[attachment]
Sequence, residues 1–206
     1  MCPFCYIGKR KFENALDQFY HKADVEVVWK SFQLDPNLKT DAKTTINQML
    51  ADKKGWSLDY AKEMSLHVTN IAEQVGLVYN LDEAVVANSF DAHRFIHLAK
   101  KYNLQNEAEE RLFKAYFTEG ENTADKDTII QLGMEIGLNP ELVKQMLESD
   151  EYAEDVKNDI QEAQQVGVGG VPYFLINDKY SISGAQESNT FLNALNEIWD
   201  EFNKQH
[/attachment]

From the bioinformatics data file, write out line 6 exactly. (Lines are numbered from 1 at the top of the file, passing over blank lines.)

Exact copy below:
   201  EFNKQH